The source code is one way to download it, but if you're lazy like me, there's a slightly easier way — use the binaries! It's particularly nice when you're working on a Windows computer and don't want to mess around with the command line. This shouldn't be a concern as most people will already have it, but do check that Java is updated on your computer.

Navigate to the AhMyth release page and download the release for your system. Currently, they only have Linux and Windows files uploaded.

Once you download the right file, open it up on your computer, and it should start installing. It will automatically open when it completes. After that, we should be ready to go!

Step 2: Build an APK

Now that we have the program up and running, it's time to build an Android application with a backdoor. At the top of the screen, select "APK Builder." The first thing to change is "Source IP." This needs to be the IP address of the computer you'll be sending and receiving commands from.

For testing purposes, I'll just be using my local Wi-Fi network. However, if you wanted it to work outside of the local network, you would need to port-forward your computer to the internet and use your public IP address.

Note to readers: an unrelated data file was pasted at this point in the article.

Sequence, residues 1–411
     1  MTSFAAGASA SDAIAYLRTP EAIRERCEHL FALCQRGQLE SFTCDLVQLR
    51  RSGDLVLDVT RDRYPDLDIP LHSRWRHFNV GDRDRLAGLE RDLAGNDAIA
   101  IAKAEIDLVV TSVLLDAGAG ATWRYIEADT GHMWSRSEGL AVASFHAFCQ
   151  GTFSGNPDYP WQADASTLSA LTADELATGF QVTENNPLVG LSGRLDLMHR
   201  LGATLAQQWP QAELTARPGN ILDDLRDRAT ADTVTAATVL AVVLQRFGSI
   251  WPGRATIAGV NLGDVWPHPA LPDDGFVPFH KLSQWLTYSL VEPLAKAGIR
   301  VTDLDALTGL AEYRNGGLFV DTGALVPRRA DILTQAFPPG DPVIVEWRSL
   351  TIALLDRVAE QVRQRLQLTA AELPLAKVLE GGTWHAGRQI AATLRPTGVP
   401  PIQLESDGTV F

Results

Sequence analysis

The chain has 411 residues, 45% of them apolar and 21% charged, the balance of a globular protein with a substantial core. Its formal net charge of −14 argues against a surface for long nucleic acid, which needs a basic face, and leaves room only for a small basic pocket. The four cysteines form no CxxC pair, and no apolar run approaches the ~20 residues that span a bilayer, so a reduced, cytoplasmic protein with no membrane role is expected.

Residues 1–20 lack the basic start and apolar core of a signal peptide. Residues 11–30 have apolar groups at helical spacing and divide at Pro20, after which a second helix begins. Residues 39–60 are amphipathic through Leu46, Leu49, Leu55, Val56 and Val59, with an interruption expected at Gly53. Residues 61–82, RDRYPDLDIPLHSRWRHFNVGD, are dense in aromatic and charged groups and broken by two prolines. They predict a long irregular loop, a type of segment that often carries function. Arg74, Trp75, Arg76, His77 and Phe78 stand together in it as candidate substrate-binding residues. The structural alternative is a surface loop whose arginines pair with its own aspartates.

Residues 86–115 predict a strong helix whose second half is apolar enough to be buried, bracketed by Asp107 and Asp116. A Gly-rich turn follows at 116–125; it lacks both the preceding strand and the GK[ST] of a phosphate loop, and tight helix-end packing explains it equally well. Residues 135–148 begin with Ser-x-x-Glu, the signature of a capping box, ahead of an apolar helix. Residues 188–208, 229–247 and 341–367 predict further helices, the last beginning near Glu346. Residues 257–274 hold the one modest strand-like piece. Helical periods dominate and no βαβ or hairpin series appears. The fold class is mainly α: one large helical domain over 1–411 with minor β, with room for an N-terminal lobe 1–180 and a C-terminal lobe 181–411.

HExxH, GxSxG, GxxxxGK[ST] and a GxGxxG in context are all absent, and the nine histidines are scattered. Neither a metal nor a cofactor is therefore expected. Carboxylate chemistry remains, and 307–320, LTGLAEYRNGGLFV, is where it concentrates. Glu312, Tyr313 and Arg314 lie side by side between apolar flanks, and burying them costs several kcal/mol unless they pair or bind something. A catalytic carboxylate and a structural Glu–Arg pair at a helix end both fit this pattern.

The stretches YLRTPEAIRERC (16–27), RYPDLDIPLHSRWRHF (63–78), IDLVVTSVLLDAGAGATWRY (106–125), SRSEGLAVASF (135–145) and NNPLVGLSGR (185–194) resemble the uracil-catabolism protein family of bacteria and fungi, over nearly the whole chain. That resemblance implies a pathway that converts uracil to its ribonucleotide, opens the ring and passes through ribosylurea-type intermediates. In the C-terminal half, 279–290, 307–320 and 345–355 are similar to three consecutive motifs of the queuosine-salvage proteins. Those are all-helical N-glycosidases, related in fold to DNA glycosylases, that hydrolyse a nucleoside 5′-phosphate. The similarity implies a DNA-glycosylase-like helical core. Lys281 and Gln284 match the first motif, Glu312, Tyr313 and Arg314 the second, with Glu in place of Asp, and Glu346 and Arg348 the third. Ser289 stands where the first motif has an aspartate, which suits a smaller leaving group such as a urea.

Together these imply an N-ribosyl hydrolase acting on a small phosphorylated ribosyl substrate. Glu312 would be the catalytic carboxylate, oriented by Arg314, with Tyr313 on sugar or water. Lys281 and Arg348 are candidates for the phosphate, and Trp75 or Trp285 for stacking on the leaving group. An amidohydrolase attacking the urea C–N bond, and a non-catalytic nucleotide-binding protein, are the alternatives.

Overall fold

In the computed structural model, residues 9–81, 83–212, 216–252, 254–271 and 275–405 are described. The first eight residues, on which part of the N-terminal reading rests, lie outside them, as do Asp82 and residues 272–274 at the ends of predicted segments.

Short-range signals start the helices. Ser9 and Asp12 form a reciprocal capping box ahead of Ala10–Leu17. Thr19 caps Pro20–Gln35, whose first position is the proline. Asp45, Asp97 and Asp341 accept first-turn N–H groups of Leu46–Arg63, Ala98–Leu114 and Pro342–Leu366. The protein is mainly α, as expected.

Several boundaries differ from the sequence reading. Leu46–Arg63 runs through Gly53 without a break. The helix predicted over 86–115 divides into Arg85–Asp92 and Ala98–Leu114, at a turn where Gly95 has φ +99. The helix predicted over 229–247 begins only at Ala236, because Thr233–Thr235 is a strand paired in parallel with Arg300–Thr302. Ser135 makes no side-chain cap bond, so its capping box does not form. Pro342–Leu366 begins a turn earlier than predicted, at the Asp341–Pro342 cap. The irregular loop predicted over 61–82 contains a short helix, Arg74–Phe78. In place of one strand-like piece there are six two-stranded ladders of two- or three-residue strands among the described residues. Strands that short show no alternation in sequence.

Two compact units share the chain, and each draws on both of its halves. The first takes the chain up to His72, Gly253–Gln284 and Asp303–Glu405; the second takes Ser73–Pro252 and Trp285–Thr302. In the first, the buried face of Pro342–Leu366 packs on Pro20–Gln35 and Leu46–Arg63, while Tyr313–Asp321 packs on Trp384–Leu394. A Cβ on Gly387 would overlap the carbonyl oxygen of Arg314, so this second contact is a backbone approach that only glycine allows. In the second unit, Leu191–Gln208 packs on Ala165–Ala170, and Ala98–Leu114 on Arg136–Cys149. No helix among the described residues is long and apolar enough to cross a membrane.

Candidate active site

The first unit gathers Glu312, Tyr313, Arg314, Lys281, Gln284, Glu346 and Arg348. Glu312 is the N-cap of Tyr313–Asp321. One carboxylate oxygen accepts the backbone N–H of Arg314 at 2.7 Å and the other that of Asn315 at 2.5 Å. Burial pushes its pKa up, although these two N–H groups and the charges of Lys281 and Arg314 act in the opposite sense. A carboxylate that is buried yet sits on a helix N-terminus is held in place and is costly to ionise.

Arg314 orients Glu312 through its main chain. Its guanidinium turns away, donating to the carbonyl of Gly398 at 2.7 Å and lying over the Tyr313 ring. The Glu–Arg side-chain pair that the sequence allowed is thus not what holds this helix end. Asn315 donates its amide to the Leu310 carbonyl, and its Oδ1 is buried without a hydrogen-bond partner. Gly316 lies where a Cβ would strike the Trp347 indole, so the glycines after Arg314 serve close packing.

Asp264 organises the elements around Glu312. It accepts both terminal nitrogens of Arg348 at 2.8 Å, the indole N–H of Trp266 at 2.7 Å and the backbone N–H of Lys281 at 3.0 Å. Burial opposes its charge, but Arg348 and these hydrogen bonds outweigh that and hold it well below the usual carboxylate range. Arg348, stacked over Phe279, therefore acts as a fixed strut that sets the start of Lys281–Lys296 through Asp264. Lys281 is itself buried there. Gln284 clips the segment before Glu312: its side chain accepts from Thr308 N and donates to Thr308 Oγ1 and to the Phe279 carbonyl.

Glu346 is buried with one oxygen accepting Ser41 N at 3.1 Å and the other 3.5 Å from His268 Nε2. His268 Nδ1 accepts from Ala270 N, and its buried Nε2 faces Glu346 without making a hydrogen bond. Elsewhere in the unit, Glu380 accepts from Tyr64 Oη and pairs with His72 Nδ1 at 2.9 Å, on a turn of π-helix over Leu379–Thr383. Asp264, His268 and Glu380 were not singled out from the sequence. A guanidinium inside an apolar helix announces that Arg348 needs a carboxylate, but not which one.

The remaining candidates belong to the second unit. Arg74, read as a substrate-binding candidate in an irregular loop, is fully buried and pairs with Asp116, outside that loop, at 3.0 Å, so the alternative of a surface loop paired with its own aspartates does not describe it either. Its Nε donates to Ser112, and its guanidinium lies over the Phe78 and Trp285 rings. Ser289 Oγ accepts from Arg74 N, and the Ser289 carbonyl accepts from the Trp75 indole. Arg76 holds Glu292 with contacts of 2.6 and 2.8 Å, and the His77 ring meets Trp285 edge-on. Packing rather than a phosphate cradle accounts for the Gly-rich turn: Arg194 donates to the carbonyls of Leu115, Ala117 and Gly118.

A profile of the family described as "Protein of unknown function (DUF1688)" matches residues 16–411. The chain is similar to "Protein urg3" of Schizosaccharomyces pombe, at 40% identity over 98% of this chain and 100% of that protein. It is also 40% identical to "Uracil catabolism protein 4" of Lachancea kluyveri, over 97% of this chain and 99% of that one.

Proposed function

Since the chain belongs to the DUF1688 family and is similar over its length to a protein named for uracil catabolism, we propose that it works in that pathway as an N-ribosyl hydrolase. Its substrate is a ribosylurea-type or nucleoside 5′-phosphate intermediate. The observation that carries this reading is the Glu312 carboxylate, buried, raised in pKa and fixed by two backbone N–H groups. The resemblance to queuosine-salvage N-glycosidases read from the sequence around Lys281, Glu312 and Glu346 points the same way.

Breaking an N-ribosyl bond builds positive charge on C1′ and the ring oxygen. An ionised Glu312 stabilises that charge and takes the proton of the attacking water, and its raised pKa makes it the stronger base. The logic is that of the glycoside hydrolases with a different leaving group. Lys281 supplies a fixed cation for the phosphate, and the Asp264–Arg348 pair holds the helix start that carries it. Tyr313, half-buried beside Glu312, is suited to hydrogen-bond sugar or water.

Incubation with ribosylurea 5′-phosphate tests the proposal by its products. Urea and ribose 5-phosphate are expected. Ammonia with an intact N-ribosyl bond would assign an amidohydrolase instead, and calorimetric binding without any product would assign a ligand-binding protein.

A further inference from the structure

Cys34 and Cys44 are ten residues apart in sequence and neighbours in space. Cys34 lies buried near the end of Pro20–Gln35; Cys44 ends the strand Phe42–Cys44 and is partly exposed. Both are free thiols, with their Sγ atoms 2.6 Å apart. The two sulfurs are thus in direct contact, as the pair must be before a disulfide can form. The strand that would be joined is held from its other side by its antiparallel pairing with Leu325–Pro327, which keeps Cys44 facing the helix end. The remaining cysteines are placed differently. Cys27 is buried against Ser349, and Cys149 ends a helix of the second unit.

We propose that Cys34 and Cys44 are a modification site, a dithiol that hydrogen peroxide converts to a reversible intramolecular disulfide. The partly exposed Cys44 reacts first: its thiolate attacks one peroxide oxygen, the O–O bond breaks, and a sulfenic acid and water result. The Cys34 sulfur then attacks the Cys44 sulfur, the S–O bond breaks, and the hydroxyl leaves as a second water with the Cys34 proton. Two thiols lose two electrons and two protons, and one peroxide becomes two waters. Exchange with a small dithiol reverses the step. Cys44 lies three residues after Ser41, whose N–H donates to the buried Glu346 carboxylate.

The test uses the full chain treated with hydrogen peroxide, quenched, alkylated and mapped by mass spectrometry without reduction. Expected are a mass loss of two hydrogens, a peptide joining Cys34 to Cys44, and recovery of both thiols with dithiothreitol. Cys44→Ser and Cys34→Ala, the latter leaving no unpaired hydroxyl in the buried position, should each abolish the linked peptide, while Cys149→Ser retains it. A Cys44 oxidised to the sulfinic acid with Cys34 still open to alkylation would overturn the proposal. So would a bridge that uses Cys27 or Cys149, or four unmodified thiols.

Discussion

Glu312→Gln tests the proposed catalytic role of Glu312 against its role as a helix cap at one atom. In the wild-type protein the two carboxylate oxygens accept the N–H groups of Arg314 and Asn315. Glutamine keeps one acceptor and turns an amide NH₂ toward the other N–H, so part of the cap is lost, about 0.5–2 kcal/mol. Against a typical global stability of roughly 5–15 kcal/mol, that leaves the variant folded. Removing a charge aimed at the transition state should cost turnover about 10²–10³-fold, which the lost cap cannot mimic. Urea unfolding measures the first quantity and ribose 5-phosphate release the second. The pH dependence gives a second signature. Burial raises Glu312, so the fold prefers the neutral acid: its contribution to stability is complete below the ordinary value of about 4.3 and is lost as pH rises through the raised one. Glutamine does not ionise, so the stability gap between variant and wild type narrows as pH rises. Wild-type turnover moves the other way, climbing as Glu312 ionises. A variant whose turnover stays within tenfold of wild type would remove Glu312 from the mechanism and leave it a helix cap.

AhMyth can build an APK two different ways. It can create a standalone APK or be used to infect another application in order to remain hidden on the target device. To do the latter, select the box beside "Bind With Another Apk" and then browse and select the APK you wish to use. Today I'll just be creating the default standalone APK, but if a malicious user were deploying this in the real, they would very likely be binding it with another APK.

Once you have all the settings selected you're ready to build the APK, just click on "Build."

You can navigate to to "C:\Users\UserName\AhMyth\Output" to find the built APK.

Step 3: Deploy the RAT

Now that you have a working APK, it's time to deploy it by downloading it on the target Android device. All of the standard attack methods apply — anything to get the user to download the APK. Social engineering tends to work best. For example, if you know the person, then recommend an app to them and infect it.

By far the most effective method is if you have physical access to the phone, it only takes a few seconds to download and hide it. If you chose this method, then an easy way to do it is by saving the APK to Google Drive and sending the phone a link. On most phones, the download should only take a second or two.

If the Android phone doesn't want to install it, they probably never enabled "Unknown sources" in their settings. Open up the Settings, then go to "Security" and check "Unknown sources." This is how apps that come from outside the Google Play Store can be installed.

Step 4: Start to Listen

In the top left of the AhMyth screen, select the "Victims" tab, then change the Port number to the one you are using. You can also leave it blank for the default. Next, click on "Listen." Once this is done, and the RAT is running properly on the victim, then it should appear here along with some basic info.